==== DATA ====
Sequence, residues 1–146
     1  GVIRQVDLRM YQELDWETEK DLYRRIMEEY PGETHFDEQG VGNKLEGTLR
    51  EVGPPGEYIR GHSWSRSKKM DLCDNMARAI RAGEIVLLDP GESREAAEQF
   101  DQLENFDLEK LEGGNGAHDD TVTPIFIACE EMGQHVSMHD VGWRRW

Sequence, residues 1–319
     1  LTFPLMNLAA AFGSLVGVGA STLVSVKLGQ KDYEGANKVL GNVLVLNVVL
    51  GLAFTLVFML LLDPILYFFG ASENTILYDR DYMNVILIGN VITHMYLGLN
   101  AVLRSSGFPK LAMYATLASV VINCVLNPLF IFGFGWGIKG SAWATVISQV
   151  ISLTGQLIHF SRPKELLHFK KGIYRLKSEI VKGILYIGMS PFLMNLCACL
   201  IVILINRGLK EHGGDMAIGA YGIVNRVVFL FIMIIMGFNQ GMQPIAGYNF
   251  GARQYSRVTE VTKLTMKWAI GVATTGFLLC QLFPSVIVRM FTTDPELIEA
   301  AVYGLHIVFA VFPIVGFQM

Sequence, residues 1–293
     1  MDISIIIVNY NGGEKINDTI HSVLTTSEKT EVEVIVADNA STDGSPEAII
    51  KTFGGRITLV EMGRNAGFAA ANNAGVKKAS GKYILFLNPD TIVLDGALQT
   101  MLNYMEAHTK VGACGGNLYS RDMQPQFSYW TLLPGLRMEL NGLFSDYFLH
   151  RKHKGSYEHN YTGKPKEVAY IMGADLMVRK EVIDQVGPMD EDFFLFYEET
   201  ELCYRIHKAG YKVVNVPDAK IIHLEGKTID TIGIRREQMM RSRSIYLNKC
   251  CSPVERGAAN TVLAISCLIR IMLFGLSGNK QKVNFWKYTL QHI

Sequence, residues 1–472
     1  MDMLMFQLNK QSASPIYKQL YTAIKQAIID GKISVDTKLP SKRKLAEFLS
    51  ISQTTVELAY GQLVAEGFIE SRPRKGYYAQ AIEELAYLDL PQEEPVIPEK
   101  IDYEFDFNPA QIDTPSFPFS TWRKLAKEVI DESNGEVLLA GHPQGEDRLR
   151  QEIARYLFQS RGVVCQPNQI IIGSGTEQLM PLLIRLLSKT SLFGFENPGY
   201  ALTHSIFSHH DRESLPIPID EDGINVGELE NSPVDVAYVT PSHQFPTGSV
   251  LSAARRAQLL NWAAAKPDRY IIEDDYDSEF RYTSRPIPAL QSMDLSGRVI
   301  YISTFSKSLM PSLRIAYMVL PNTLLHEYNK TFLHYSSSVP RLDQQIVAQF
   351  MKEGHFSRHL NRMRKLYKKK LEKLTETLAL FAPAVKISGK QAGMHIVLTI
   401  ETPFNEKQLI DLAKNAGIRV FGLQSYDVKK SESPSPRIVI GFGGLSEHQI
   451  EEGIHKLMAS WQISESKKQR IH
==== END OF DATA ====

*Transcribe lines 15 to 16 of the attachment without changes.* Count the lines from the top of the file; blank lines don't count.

    51  KTFGGRITLV EMGRNAGFAA ANNAGVKKAS GKYILFLNPD TIVLDGALQT
   101  MLNYMEAHTK VGACGGNLYS RDMQPQFSYW TLLPGLRMEL NGLFSDYFLH